Rhubarb & Coconut Vegan Ice Cream — No Fancy Machine Required

VeganIceCreamPhoto: Courtesy of Foodie Underground.
Foodie Underground, a project curated in part by Anna Brones, explores our relationship with the origin of our eats. Motivated by an unwavering belief that food should never be complicated or pretentious, Anna — author of vegetarian and GF primer The Culinary Cyclist, is serving up everything from the best veggie BBQ to a beginner's guide to pesto. Hungry yet?
I grew up wearing rhubarb leaves as hats in our family garden (hippy baby), and trying to eat the stalks raw just to see if I could, but it occurred to me recently that despite how much rhubarb is talked about, there are many people that don’t know how to use it. Even a basic compote is a lost art. But rhubarb is magical: perfect for sweet and savory. A chutney perhaps? A cocktail with mint? Options are endless.
Which is why every time I spot rhubarb at the market, I get as much as I can. Despite good intentions of coming up with new crazy pie recipes, this tends to just lead to impromptu breakfasts of rhubarb compote with mint. This, of course, is delicious, but leaves something to be desired in the “try something new” field. Solution: Add a random herb and add the compote to something completely different.
I recently discovered anise and rhubarb are complementary flavors — and a sweet, simple compote of the two is a perfect base for a batch of vegan ice cream. “Ice cream!?” you exclaim. “Don’t you need a fancy machine for that?”
No, not for this one. The secret is a fatty coconut cream and frequent stirring (in other words, being your own ice cream maker). The anise brings out the rhubarb and vice versa, and if you let the ice cream sit for a few minutes before serving it, you’ll have just the perfect consistency.
Rhubarb and Anise Coconut Ice Cream
Ingredients:
1 cup coconut milk — you’ll actually want the layer of cream that’s at the top when you open it
1 cup chopped rhubarb (about 2-3 stalks depending on the size)
1/4 cup sugar
2 teaspoons anise seeds, crushed in a mortar and pestle
Preparation:
Peel the rhubarb before chopping it, then put the chopped pieces in a saucepan. Pour the sugar over the rhubarb and place on medium heat. This is the only part of the recipe that can get moderately complicated: You want to cook down the rhubarb until it’s a compote-like consistency, but in the beginning it may seem like you need to add liquid. You don’t. Just keep gradually stirring until the juices are released. Then once the whole thing starts bubbling, add in the anise seeds, reduce the heat and let simmer for 10-15 minutes. In all honesty, I do most of this without measuring or looking at the time, proof that it’s hard to mess this step up.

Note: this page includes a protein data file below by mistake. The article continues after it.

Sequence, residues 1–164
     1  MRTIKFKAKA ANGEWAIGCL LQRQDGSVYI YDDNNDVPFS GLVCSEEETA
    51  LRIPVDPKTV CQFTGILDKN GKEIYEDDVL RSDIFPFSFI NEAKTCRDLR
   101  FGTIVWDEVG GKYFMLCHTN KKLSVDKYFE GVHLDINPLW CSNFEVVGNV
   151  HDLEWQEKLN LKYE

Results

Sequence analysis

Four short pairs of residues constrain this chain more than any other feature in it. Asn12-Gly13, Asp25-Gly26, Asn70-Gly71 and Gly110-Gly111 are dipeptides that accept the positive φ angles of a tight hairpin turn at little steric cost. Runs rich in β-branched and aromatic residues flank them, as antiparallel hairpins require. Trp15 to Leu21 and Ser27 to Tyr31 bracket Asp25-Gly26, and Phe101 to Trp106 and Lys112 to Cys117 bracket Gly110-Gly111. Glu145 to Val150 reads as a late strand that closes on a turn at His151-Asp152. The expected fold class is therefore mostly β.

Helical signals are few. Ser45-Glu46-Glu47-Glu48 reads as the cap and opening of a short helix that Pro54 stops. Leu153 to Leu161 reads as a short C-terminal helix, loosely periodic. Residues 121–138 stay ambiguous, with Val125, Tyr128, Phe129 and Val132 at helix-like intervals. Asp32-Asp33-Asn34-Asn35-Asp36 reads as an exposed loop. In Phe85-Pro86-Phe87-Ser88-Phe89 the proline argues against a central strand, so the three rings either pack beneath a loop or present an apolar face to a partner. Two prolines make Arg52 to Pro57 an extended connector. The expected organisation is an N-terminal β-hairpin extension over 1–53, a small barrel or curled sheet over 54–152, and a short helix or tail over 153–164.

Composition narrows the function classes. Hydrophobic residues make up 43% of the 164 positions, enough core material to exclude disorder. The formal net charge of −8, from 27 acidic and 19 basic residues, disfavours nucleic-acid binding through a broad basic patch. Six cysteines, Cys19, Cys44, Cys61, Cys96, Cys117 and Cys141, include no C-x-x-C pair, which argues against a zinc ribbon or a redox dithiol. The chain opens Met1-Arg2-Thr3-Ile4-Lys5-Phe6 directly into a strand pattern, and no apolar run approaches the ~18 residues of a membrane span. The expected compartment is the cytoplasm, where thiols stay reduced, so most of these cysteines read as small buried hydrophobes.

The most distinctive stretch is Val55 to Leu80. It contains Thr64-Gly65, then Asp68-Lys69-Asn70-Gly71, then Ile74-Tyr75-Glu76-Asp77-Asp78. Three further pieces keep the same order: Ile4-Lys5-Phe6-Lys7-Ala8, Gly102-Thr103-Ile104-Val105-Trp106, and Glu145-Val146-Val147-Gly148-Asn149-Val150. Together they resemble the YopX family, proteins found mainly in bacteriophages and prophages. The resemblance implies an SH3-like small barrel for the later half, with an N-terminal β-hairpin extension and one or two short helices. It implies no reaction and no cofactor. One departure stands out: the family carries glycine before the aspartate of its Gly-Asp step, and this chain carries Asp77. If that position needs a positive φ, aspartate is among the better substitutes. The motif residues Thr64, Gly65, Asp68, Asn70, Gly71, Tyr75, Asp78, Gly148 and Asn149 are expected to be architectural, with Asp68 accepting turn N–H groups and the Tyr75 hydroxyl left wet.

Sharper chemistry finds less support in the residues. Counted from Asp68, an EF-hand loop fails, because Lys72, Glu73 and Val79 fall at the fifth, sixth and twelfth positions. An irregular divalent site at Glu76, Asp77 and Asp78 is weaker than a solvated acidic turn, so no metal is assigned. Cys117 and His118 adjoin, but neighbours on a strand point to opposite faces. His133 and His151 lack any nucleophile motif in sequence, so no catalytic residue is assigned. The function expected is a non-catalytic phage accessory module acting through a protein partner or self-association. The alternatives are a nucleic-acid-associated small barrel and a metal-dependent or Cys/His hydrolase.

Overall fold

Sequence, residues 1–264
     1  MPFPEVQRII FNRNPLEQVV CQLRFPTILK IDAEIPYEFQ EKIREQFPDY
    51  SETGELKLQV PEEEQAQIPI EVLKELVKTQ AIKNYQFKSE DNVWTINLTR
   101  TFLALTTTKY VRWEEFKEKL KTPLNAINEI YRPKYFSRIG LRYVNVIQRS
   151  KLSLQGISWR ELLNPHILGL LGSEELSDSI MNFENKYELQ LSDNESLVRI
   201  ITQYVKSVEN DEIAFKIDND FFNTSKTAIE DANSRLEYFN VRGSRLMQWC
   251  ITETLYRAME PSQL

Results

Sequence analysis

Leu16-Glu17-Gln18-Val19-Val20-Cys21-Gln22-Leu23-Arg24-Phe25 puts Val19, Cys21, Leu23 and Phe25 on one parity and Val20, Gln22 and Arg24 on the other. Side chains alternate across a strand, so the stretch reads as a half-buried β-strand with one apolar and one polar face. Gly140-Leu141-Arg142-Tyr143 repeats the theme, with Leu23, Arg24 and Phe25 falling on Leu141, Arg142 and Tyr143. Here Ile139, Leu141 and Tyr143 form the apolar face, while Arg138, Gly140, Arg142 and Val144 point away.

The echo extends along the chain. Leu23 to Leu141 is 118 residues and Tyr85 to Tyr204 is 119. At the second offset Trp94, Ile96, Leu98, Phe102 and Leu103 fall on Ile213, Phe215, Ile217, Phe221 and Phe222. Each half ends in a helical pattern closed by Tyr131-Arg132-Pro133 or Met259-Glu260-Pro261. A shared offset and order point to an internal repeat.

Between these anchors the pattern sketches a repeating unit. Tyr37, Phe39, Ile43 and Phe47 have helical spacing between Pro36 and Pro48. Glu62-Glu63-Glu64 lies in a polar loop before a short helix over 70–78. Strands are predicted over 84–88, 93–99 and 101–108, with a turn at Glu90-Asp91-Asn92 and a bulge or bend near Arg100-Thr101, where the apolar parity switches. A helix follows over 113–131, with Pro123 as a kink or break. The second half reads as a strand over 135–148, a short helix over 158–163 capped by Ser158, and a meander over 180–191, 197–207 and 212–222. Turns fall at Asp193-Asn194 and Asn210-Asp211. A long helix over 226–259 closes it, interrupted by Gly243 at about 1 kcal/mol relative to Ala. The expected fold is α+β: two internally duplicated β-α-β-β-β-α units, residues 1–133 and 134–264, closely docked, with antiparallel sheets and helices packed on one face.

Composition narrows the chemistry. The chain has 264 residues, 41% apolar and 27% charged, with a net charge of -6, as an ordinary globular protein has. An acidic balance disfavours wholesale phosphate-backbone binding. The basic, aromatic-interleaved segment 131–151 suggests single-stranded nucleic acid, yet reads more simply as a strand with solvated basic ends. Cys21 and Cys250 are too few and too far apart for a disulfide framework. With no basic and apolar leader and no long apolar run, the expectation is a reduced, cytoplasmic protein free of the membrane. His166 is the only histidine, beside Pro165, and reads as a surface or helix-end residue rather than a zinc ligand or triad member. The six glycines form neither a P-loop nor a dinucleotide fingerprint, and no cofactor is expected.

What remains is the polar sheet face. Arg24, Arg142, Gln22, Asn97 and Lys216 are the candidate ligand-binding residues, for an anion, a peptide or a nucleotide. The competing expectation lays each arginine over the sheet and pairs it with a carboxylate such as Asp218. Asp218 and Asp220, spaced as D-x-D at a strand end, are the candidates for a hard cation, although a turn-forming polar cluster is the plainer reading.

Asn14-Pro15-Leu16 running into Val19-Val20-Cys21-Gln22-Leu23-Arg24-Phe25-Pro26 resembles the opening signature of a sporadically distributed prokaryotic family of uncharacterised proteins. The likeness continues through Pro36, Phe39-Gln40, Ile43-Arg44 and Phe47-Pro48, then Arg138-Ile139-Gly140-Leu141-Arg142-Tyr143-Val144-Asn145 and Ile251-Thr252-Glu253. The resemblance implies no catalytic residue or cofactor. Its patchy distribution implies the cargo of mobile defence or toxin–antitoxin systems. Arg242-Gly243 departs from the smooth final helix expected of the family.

In a separate bowl, measure out a cup of coconut cream from your can of coconut milk — basically the top layer from inside the can. Add in the rhubarb anise compote. Mix together well.
Place bowl in freezer. Stir every 10-15 minutes (this will keep the ice cream from clumping) until the mixture has fully frozen.
Eat.

More from Food & Drinks

When ex-teen Rachel Gelmis was drug tested, she knew she was clean. But the test thought differently. Her results were, like, insanely positive for a lot ...
It's no secret that food is one of the best categories for nostalgia. Who doesn't wax poetic about snack foods like Dunkaroos? But not all of our favorite...
If you've got a Trader Joe's in your neighborhood, chances are it's your go-to supermarket. It's cheap, convenient, and the snacks are unbeatable. It ...
S'mores are a messy dessert favorite. But why not skip the sticky situation and enjoy yours in a cone
Turmeric has quickly become classified as one of those magic superfoods — you know, the ones that you're always hearing about. This spice is basically the ...
While some people might be trying to get you to delete your Instagram food pics, there are many, many more tinkering around in their high-tech laboratories...
Growing up, your parents may have told you to be grateful for your food, because some people are starving. Now, your own meals can actually help other ...
(Paid Content) Scrambled eggs for breakfast? Yawn. Standard-issue pancakes? Predictable. To effectively get us out of bed in the a.m., we prefer a morning ...
Coffee lovers of the world, get ready. We have news that might make even a die-hard caffeine addict à la Lorelai Gilmore jump up and down in excitement. ...
DIY cotton candy ice cream that doesn't require an ice cream maker? Winning
Whether you're brunching or, uh, dinnering, etiquette is of the utmost importance when dining out. And no, we don't mean keeping your elbows off the table...
Once in college, I had a friend Google "how to make a grilled cheese," and I remember being completely baffled that someone would need a step-by-step ...
Once the vegetable our moms would have to beg us to try ("just a bite!"), today, we can't get enough of cauliflower. It practically defines the word ...
Great drinks, a perfect soundtrack, the perfect lighting: all these things can make a party good. But what makes a get-together memorable? The food. Once ...